Sunday, November 30, 2014


We are continuing where we left off last time.  Six London churches from the early 1700s, all designed by Nicholas Hawksmoor using his very personal vision of the English Baroque.  We started in Greenwich and have been moving inland.  Last stop was Limehouse.

Moving further west we arrive at Shadwell & Wapping.  Around 1720 there would have been wharves & warehouses all along the river front, with open ground behind, some of it devoted to gardens.  A little further inland was the main road heading towards Limehouse (Ratcliff Highway) which hosted a ribbon of residential development.  Here Hawksmoor built St George in the East.

The site was the interior of a large residential block, with houses backing on to it most of the way around.  Some of this housing was flattened during the blitz and the south side has been left open.  Once again the site pushes the orientation slight off an ideal E/W alignment and the circulation strategy changes once again.

This time we have four entrances at the four corners of the main mass. The vertical circulation is by spiral stairs placed just inboard of these entrances and expressed as towers with pepper pot domes aloft.  These stairs also have doors at ground level, so that galleries and nave seating have separate but interconnected circulation routes. 

Was Hawksmoor dissatisfied with his previous circulation schemes, and looking for ways to get people in and out of the building more fluently ?  Or is he just playing games, ringing the changes ?

By now I am developing a version of the massing model that stands up to closer inspection.  Not yet ready to switch to project mode, but I do want my family to support a more detailed study of the building's composition.  For plan views at a finer scale I am using an embedded detail component.  Not BIM, do you say ?  I beg to differ.  For urban design studies this is an entirely appropriate lightweight method for representing signature buildings within a broader scheme.

The tower is a compromise between the two previous schemes: partially separated from the building but still supported with side buttressing. In the next image you can also see the detailed model side by side with the simpler version.

If St George is due East from the City, Spitalfields is North East, and slightly closer in.  This is a suburb based on textiles, which were the mainstay of the English economy right through the middle ages and into the first half of the Industrial Revolution.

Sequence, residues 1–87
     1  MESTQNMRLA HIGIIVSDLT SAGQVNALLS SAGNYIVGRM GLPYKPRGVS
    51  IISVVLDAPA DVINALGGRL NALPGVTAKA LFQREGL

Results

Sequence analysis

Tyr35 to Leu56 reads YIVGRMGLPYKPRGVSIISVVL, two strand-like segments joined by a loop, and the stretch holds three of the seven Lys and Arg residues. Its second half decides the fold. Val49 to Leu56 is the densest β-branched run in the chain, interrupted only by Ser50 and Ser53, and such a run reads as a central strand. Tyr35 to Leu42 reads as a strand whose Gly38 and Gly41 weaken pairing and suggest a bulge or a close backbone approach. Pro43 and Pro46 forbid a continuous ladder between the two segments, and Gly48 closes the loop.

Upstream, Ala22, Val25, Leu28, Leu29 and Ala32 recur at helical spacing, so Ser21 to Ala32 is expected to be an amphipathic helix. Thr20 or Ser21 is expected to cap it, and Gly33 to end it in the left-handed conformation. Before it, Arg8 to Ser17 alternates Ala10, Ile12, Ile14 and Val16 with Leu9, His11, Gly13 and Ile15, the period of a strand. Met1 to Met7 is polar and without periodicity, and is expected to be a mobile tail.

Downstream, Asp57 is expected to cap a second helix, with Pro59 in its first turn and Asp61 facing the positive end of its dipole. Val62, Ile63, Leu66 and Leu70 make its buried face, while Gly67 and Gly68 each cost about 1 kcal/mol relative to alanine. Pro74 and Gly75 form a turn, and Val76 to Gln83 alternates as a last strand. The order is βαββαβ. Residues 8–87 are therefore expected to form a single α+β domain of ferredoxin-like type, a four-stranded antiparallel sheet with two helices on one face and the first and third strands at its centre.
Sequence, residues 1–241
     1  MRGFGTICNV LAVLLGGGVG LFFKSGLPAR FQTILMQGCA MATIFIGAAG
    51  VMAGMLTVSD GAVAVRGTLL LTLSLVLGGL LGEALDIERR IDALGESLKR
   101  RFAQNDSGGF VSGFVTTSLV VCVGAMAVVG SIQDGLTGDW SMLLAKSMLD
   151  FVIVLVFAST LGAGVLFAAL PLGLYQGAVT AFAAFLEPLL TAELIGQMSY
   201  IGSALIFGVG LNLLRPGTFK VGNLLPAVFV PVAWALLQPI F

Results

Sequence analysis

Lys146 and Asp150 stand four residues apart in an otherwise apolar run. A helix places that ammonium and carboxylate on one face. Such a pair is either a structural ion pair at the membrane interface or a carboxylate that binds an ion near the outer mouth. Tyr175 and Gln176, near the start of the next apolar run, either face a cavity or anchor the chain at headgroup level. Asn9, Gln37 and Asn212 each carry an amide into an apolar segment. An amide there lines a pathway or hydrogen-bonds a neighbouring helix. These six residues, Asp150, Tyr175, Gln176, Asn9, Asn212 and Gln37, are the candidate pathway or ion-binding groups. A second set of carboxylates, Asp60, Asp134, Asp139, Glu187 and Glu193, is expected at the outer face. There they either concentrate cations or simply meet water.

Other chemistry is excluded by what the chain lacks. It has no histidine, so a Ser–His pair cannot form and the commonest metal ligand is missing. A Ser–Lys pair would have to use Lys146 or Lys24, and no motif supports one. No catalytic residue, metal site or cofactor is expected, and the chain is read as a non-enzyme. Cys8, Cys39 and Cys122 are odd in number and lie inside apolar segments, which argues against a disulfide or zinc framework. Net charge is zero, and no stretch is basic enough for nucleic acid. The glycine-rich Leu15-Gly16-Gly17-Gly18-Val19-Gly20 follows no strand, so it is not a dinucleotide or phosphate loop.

Once again we touch upon the antagonism between Catholic/Absolutist France and Protestant/Parliamentary England.  Spitalfields was home to thousands of Huguenot silk weavers: refugees fleeing from sectarian violence (sound familiar?)  France's loss was England's gain.  Traditionally England had specialised in coarser textiles: wool and linen.  The Spitalfields weavers added a finer product to the portfolio, often decorated with fancy needlework: a luxury product.

The site is different once again: a corner plot diagonally opposite a large open market square that was covered over in the nineteenth century and still flourishes today.  It has to be a long thin church and luckily the west end is towards the square, so nice opportunity for a grand entrance frontage.  But was it luck ?  Were the sites predetermined or could Hawksmoor/and or the commission negotiate.  I've no idea, let's stick with the notion that the buildings were designed to suit a given site.

This time there are no galleries.  The church is very directional, rows of columns striding down the nave.  There are 2 doors tucked away at the back corners, but the main circulation routes are clearly at the front end: 3 doors entered via a grand portico.

To my eyes, the tower and portico are decidedly odd: something about the proportions perhaps.  Once again there are side buttresses to the tower.  I get the impression that they started as pillars like St George, then got wider to allow for a grand portico and created an opportunity for a concave, linking sweep.  To crown it all is a pyramid, which ends up being more of a gothic spire.

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